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Orthodynamic Roundup - Page 1455

post #21811 of 22863

Actually the cotton wool pads mostly tame the high bass hump (around 250hz) and somewhat kill the lower bass too - I'm left with almost a Gradoish sound, but a bit dry and closed. 

I'm going to still try out new things in the future to get the low bass (100hz and below) louder by around 2-3dB and if I could kill the high bass by another 3-4dB that would be perfect. Any suggestions on how to do that would be received gratefully. 

 

If anything there could actually be a tiny bit more sparkle on the high treble end. 


Edited by GREQ - 6/22/13 at 10:41am
post #21812 of 22863
Quote:
Originally Posted by Armaegis View Post

Those SFI's *are* tweeters after all... cranking down the treble is most of the battle with those. 

My SFI in the AudioTechnica RE70 (trying to fake a ATH-2) definitely don't have much treble to it. Which is weird compared to how the SFI's react in those AKG shells.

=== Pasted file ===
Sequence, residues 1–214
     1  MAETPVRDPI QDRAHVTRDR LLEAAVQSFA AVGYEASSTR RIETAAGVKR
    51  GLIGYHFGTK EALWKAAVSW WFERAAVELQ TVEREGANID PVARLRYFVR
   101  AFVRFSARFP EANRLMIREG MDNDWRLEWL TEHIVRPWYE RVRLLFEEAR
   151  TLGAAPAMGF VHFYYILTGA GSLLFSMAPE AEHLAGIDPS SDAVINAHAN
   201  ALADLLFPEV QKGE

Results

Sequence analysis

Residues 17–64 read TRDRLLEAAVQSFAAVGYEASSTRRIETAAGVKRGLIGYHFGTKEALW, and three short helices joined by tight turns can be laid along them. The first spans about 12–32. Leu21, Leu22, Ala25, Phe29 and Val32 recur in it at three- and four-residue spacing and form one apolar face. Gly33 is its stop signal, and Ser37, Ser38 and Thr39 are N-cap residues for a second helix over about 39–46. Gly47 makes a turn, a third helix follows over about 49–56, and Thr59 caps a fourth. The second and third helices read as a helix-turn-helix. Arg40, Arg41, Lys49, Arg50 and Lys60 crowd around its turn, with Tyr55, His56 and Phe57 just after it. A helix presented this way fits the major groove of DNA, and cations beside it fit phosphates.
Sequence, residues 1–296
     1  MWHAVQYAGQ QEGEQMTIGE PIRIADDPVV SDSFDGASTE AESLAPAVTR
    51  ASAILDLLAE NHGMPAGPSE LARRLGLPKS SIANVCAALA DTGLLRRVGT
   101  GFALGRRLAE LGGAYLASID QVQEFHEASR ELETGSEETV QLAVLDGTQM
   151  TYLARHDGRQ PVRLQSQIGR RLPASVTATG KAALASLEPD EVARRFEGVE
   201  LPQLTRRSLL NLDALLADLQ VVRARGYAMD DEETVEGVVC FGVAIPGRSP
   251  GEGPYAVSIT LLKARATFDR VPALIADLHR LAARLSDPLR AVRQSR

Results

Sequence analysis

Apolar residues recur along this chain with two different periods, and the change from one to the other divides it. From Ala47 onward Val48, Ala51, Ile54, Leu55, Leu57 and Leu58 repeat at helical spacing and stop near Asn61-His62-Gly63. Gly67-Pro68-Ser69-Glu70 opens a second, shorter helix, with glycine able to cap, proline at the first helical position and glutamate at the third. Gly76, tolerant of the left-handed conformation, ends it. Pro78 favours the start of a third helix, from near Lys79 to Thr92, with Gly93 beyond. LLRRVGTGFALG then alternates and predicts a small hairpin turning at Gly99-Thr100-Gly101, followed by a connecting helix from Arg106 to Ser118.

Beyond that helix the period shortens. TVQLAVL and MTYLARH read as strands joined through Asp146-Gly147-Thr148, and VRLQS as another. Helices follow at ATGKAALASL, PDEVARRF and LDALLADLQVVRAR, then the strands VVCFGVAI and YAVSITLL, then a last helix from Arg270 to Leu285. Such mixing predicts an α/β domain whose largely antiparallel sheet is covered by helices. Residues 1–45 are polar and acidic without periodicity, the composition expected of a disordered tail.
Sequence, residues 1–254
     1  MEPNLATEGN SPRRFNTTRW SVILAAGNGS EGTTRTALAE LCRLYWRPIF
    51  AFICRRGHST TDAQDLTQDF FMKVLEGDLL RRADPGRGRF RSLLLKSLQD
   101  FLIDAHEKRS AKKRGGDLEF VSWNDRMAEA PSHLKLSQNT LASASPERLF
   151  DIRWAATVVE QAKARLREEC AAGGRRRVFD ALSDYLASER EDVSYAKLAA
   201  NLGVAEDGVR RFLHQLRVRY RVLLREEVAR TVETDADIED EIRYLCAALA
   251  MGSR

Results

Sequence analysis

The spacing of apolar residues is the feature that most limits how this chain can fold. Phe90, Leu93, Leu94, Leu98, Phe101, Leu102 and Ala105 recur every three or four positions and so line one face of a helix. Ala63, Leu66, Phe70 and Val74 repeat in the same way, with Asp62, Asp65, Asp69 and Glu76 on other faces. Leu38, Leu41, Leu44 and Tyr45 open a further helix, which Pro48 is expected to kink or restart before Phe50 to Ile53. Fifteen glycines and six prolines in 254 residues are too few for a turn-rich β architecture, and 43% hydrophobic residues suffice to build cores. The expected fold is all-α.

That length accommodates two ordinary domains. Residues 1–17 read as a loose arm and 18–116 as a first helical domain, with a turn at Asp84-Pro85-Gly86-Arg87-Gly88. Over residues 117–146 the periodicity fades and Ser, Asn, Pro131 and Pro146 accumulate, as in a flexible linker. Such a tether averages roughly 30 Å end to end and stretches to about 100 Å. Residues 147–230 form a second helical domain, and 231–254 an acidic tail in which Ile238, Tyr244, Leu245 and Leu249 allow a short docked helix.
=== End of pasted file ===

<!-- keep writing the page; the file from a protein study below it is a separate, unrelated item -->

I might have a clue on what's causing it but as far as I can tell, I can't increase the treble even by plastering the back with reflectors.

My guess is the ~1mm closed space between the drivers and the baffle. And perhaps the holes on the baffle which do not necessarily align.

 

Quote:
Originally Posted by aeroG1 View Post

Would my YH-1 drivers fit in some Grados?

Pretty sure they won't. YH-1 drivers are just that big.

And as you may have noticed from the thread, you're not going to get the same sound just by dropping the drivers in a different enclosure; you'll have to make considerable modifications to get them sounding right. Where, there's always lucky cases of something that makes it sound perfect, but don't count on that being the case. Be prepared to have to damp it somewhat.